It's time for the BI community to treat social networks as the business-intelligence resource they are. (BI is more than reports, dashboards, and OLAP!) The recent "Motrin moms" clamor and response to Mumbai terrorism prove networks' value. Both cases involved twitter, the first as a conduit for advertising-prompted outrage and the second for early and rapid news dissemination. It has become clear that twitter and the rest of a broad set of social networks — as messaging / blogging / microblogging channels and as a means of publishing and finding personal and corporate information — hold immense business value. The value of the information that flows through these networks is indisputable. A deeper challenge is next on the agenda: optimizing that flow by better understanding the networks themselves.

Social networks are composed of individuals and interconnections. The value of the networks derives in part from the intentionality of the connections: that connected individuals are somehow related. The relationships mean that user-originated, peer-filtered narrowcasts can propagate more effectively than broadcasts as well as faster and wider than the nearest, non-automated analogue I can think of, a phone tree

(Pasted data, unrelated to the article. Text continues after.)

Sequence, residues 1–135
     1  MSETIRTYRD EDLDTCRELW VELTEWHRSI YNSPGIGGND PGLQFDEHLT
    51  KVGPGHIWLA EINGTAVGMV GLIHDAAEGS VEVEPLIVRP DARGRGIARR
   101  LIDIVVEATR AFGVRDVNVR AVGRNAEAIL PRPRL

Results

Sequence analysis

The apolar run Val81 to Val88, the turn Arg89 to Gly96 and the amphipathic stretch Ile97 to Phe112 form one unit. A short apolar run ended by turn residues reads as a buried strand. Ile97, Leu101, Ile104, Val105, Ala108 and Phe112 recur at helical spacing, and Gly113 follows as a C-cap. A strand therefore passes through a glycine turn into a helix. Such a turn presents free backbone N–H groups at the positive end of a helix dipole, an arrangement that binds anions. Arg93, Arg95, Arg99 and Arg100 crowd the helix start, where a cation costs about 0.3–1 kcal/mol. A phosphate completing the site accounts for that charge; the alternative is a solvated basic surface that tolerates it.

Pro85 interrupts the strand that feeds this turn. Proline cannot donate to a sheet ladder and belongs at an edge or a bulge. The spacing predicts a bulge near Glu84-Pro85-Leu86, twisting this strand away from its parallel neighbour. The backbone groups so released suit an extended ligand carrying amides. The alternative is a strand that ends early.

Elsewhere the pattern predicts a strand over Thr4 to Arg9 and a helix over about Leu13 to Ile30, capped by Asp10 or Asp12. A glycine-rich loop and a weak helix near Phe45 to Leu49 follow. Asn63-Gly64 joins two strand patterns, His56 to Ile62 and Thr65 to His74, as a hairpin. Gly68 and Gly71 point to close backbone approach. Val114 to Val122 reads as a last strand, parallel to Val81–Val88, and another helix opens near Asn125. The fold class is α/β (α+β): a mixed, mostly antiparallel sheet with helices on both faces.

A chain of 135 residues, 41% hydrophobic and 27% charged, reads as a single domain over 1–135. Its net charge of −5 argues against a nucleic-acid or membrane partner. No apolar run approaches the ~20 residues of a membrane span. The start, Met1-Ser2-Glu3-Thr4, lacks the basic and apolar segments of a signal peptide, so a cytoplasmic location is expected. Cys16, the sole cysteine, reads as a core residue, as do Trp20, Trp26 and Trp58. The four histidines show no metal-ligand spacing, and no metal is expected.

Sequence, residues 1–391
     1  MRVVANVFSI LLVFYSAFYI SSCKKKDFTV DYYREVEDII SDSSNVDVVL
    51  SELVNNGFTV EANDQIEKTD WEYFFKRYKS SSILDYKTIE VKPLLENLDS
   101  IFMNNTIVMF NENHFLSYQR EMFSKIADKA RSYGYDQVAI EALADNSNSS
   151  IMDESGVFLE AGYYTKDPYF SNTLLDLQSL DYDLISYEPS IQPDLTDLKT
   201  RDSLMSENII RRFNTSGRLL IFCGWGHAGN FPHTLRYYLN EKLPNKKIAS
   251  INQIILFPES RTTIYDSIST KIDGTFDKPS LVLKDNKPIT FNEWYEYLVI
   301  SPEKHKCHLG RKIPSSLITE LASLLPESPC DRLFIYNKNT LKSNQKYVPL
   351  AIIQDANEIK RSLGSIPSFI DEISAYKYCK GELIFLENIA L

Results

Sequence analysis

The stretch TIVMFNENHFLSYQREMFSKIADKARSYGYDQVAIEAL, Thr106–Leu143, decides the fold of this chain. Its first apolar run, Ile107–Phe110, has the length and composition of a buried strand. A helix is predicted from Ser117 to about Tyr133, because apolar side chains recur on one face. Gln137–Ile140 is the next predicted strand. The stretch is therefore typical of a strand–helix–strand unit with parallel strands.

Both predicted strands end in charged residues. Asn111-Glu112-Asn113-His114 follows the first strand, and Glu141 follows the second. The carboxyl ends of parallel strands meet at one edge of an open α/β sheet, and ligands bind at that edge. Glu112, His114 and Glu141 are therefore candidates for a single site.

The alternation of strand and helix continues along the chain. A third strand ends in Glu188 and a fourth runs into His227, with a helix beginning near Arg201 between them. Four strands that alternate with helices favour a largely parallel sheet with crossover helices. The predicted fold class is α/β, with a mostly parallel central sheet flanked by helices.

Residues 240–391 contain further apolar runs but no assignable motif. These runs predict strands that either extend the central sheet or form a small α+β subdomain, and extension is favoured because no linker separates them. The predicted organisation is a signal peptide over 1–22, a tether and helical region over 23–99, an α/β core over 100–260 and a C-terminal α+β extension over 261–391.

The networks' potential business value seems almost obvious, yet traditional BI, reliant on spreadsheets, reports, and pivot tables, has concerned itself almost exclusively with slicing and dicing numerical data extracted from transactional and operational systems.
A business is ultimately about people and conversations (not processes, IT systems, policies, or whatever). As people and their conversations are made explicit online by social software, an organization can tap into this information to learn more about itself and how it performs. Not only that, it can tap into the vast amounts of information on the web that can tell how the competitors, customers, partners, and so on operate and perform. 

Below is from a previous post of mine ("Using blogs and RSS-feeds for better decision making"):
On a high level, business intelligence can be defined as initiatives that use various forms of IT-resources to support better business decision making. But the most commonly definition narrows it down to using facts (= data) to support decisions, a fact being "something that is the case, something that actually exists, or something that can be verified according to an established standard of evaluation". (Wikipedia)

In my mind, Enterprise 2.0 is not about creating gigantic data warehouses with numbers and figures from which management can get aggregated reports about how the enterprise performs from a hard fact-based perspective. No, Enterprise 2.0 has much more to do with enabling information to flow between people and making it easy to passively tap into these information flows to support intuitive decision making.